Kodachrome

Recent Classifieds

Forum statistics

Threads
177,082
Messages
2,429,161
Members
94,126
Latest member
kakestudio
Recent bookmarks
0
Status
Not open for further replies.

MattKing

Moderator
Moderator
Joined
Apr 24, 2005
Messages
37,802
Location
Delta, BC, Canada
Shooter
Multi Format
In Canada and several other parts of the world, the film price included processing by Kodak. So while you could put your film in the mail (in the convenience envelope packaged with the film), you could also go to your local camera store/Kodak dealer, drop off the film, and then go back the next day or so and pick up the developed movies or slides, with no extra charge.

Toward the end, some of the dealers tried to institute a small handling charge, but I think Kodak squashed that.

In my case, I just handied the film to my Dad, he took it to work with him and returned at the end of the day or, in a few cases, the next day, with my processed film. Good service, eh?:smile:
 
Joined
Jul 1, 2008
Messages
5,467
Location
.
Shooter
Digital
In Canada and several other parts of the world, the film price included processing by Kodak. So while you could put your film in the mail (in the convenience envelope packaged with the film), you could also go to your local camera store/Kodak dealer, drop off the film, and then go back the next day or so and pick up the developed movies or slides, with no extra charge.

Toward the end, some of the dealers tried to institute a small handling charge, but I think Kodak squashed that.

The Australian experience
For a great many years the mailers were all that was needed to get the film processed by posting it to a Kodak lab or dropping in at a Kodak Kiosk (there were quite a few in the 80s to mid-1990s). There wasn't even a postage charge. There was a $12 charge for processing of Kodachrome here in Australia from about 1995 because it was processed at Vision Graphics/Sydney under contract to Kodak, and the mailers were not valid. Turn around time was 2 weeks. It was just the ticket to well and truly turn people away from the red and gold box.
 

nolanr66

Member
Joined
Feb 5, 2006
Messages
283
Shooter
35mm
I think it could generate sales for Kodak if they sold Kodachrome in 3 roll packs which included a mailer back to Kodak for processing. Just mail it in with a check and wait. However it's not going to happen and if they did I would not buy any. I'm finished with color film of any type.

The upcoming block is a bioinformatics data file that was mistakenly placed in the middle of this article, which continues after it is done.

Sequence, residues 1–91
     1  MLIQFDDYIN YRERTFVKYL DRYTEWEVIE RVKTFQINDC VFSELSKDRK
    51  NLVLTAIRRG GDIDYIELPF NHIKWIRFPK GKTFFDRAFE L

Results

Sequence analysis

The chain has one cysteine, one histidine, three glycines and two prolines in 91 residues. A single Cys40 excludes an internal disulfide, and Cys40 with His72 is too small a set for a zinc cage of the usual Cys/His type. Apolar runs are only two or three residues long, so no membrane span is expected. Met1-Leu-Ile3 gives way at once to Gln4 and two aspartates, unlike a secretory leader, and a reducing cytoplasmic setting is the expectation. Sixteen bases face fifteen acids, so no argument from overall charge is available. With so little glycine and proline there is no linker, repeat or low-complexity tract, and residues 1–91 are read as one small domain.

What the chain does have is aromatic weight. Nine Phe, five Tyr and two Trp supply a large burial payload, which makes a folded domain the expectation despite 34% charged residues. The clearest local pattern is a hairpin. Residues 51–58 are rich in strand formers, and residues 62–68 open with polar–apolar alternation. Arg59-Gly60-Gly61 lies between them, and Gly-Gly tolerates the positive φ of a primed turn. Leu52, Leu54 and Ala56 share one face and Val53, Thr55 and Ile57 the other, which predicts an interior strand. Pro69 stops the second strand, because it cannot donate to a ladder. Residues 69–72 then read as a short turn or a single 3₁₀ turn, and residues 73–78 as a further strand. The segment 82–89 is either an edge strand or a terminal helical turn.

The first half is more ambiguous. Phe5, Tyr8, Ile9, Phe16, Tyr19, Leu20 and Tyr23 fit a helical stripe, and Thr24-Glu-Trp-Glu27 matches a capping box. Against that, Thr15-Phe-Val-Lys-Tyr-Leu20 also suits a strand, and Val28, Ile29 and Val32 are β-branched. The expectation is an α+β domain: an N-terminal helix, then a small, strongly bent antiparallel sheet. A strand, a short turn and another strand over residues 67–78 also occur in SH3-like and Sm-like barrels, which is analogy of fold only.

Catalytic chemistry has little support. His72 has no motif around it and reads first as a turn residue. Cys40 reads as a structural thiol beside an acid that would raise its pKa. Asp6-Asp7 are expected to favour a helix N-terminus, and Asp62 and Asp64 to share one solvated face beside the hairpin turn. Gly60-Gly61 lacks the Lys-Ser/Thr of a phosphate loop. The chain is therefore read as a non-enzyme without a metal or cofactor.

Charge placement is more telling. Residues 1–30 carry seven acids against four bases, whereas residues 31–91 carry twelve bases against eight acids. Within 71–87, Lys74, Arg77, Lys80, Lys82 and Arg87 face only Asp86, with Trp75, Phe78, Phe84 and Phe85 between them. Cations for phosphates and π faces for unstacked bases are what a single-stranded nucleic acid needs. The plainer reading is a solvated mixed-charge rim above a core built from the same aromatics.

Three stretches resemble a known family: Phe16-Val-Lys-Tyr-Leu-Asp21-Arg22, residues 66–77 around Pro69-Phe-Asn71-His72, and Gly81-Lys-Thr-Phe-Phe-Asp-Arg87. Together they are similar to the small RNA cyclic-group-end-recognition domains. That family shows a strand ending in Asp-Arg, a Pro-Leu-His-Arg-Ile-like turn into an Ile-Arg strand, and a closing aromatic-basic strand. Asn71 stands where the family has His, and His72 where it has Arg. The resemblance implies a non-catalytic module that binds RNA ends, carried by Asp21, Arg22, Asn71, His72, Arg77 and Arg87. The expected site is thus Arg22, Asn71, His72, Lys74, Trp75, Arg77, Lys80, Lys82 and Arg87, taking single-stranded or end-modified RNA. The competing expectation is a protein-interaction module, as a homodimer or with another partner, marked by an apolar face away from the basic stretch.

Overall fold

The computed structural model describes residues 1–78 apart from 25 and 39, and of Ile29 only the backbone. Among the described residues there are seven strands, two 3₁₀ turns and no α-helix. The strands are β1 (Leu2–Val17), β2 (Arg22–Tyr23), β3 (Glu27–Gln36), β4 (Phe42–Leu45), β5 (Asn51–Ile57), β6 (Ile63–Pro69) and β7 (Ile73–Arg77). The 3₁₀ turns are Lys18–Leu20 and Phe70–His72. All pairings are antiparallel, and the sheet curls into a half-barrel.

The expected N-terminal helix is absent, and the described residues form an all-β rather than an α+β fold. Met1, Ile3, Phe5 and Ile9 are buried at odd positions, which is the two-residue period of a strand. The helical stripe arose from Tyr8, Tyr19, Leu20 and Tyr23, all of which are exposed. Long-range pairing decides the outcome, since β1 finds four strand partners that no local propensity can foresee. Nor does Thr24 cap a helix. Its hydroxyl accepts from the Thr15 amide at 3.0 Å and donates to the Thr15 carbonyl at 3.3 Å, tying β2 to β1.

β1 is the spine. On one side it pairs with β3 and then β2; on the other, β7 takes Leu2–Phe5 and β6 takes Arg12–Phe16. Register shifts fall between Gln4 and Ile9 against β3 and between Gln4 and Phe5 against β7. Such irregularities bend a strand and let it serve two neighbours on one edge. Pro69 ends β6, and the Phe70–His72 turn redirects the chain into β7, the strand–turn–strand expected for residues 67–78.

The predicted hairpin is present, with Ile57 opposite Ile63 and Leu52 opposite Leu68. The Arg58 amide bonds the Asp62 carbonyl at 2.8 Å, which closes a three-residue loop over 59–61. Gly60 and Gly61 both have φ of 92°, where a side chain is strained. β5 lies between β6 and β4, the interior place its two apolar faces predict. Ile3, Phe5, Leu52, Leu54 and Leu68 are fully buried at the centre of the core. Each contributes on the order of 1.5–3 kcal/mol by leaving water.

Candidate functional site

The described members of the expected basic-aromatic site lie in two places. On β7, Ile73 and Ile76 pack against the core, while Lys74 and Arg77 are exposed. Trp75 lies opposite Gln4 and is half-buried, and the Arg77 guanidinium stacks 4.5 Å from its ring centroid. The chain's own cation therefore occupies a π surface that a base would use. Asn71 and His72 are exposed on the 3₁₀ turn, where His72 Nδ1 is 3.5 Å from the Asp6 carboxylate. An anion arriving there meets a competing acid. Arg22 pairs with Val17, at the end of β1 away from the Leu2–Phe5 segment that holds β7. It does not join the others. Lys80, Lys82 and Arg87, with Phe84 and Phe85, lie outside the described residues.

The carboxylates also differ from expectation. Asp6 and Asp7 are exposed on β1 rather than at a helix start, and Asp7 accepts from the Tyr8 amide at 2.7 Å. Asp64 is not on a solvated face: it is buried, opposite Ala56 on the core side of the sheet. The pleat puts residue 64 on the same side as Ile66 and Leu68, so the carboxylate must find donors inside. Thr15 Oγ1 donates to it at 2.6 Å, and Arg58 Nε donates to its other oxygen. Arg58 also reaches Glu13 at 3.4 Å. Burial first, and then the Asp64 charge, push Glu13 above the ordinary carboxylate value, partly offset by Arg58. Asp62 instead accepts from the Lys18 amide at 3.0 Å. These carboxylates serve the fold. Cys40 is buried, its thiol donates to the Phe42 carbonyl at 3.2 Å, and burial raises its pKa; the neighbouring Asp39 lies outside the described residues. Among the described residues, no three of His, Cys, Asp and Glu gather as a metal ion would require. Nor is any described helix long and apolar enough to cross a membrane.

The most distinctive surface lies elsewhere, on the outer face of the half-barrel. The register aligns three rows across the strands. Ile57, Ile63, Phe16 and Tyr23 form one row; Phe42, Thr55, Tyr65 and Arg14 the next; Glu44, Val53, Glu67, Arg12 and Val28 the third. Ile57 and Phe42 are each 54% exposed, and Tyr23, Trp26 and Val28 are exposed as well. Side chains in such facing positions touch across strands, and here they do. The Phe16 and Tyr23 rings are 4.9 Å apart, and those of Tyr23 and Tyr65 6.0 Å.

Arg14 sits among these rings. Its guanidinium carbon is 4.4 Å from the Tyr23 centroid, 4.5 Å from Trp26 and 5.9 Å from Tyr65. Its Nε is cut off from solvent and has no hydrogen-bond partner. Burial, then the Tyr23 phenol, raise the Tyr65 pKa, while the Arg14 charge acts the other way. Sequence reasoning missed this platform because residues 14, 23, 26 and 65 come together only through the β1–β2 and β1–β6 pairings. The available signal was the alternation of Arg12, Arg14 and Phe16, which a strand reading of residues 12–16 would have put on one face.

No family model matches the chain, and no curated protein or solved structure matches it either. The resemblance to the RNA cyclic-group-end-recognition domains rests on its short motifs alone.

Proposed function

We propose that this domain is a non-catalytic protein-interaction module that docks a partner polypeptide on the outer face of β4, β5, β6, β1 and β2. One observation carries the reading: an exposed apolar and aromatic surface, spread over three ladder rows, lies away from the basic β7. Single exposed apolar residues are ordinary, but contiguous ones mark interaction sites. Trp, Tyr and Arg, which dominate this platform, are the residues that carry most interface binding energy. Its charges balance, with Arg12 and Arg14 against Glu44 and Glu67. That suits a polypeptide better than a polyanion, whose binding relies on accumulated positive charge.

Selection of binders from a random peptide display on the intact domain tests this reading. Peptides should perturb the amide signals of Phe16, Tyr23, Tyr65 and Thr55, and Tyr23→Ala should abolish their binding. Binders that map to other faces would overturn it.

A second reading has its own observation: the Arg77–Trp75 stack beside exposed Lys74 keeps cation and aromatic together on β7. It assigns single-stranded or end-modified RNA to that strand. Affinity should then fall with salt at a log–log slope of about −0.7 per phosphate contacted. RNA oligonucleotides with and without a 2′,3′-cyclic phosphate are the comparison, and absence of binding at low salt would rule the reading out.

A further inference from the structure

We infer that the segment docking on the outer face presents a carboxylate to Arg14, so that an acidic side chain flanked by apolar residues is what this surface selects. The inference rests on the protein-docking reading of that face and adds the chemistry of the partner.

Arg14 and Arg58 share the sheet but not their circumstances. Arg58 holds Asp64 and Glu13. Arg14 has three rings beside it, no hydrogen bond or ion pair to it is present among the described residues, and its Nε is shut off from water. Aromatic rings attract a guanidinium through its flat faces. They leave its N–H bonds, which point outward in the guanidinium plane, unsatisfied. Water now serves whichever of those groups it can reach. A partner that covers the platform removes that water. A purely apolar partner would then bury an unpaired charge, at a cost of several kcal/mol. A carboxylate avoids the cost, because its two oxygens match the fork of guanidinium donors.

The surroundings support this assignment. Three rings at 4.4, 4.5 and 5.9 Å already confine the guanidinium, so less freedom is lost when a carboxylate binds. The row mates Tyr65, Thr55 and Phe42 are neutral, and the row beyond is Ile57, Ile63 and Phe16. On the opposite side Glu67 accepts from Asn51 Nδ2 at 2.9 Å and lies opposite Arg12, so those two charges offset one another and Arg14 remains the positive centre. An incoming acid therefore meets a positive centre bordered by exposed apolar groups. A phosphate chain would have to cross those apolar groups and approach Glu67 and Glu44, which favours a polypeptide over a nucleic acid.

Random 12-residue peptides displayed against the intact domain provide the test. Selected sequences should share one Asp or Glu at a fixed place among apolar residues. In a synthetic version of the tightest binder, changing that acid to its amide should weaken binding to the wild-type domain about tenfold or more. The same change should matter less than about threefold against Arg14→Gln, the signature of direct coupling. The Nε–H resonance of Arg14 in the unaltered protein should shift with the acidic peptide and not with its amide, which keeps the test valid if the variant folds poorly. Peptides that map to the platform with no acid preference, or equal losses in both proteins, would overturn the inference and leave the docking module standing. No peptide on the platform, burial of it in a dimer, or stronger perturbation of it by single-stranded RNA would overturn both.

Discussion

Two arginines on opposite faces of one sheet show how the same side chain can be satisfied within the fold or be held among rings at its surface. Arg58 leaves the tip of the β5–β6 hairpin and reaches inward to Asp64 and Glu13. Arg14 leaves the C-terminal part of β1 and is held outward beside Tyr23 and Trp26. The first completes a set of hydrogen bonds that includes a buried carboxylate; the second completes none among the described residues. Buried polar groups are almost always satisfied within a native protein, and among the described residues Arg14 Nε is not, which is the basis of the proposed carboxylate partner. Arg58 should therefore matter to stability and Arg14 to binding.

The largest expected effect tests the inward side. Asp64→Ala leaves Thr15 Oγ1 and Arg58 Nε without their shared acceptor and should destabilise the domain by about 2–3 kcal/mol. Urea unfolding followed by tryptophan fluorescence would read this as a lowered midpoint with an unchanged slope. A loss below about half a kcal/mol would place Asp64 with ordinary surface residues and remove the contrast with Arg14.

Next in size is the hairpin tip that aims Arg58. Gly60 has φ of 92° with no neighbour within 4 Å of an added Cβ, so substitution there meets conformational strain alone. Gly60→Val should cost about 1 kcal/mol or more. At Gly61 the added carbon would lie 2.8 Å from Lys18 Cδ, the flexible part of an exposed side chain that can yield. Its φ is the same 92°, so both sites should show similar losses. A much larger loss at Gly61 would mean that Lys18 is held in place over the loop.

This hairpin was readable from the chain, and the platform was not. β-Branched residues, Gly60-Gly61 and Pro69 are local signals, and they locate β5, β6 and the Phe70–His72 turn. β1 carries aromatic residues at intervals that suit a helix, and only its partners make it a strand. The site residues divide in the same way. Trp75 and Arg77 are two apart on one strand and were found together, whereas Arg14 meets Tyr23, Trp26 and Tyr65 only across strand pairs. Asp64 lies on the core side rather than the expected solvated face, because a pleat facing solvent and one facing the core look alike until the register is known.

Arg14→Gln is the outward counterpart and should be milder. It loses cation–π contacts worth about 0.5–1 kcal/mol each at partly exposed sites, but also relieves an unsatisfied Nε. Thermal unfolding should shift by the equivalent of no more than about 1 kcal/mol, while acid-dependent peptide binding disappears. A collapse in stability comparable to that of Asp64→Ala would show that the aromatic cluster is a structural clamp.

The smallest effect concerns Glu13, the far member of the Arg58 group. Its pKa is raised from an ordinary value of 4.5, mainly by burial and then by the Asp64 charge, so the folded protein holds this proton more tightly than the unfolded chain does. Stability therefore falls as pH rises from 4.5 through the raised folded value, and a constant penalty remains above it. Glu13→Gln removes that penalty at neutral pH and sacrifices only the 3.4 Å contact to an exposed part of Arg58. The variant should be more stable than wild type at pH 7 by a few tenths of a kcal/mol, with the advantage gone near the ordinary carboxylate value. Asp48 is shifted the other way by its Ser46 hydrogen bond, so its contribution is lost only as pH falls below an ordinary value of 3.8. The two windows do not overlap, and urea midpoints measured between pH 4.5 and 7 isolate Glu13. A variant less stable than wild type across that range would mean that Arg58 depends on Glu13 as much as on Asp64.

Agulliver

Member
Joined
Oct 11, 2015
Messages
2,020
Location
Luton, United Kingdom
Shooter
Multi Format
I'm pretty new around APUG.....but not new to photography. If Kodachrome were to miraculously come back, I would hope for super 8 to be among the formats. In 35mm I'd buy the occasional roll. I am not big on slide photography but there was nothing else like Kodachrome. I probably only shot about 4 rolls of K64 and K200 in my life but it was amazing stuff.

Here in the UK it was always sold with processing included. Even in the latter days when it went to Swizerland or more later to Dwaynes.
 

Punker

Member
Joined
Mar 4, 2015
Messages
153
Location
Los Angeles,
Shooter
Multi Format
So this happened today in a Facebook group..
image.jpeg


I blurred the name so as not to violate any privacy rules but the group is open for anyone to join. He says it's a very difficult process but basically identical to Kodak's; just using alternate chemicals.
 

mehguy

Member
Joined
Apr 26, 2015
Messages
497
Location
Canada
Shooter
35mm
So this happened today in a Facebook group..
View attachment 157527

I blurred the name so as not to violate any privacy rules but the group is open for anyone to join. He says it's a very difficult process but basically identical to Kodak's; just using alternate chemicals.

This is a surprise 0_O. What chemicals were exactly used in the k14 process?
 

twelvetone12

Member
Joined
Feb 16, 2015
Messages
737
Location
Over the Alps
Shooter
35mm
If you search this forum PE has posted extensive documentation, a link to the patent and even info on how to use c41 color Dev mixed with the color dyes as the developer.
Impossible no, very complex yes. The colors on the above image seem quite off, but nice work.
 

Punker

Member
Joined
Mar 4, 2015
Messages
153
Location
Los Angeles,
Shooter
Multi Format
True. The colors may be due to the age of the film or the fact that the process hasn't been honed 100% yet. He says he'll be writing up documentation on it soon.
 

twelvetone12

Member
Joined
Feb 16, 2015
Messages
737
Location
Over the Alps
Shooter
35mm
Nice! I'm curious to see how he did it, in particular the two re-exposures if he did a whole film.
EDIT: He is actually using the Rockland toner kit! :smile:
 
Last edited:

flavio81

Member
Joined
Oct 24, 2014
Messages
4,477
Location
Lima, Peru
Shooter
Medium Format
I, as many others, are bored of the "bring back Kodachrome" threads, but this is different. If a guy is able to successfully develop Kodachrome in color and publish a workable 'recipe', then it would be rescued as an "alternate process", and that's good, considering that there are many many rolls of unused Kodachrome out there and such stock is more or less resilient to ageing.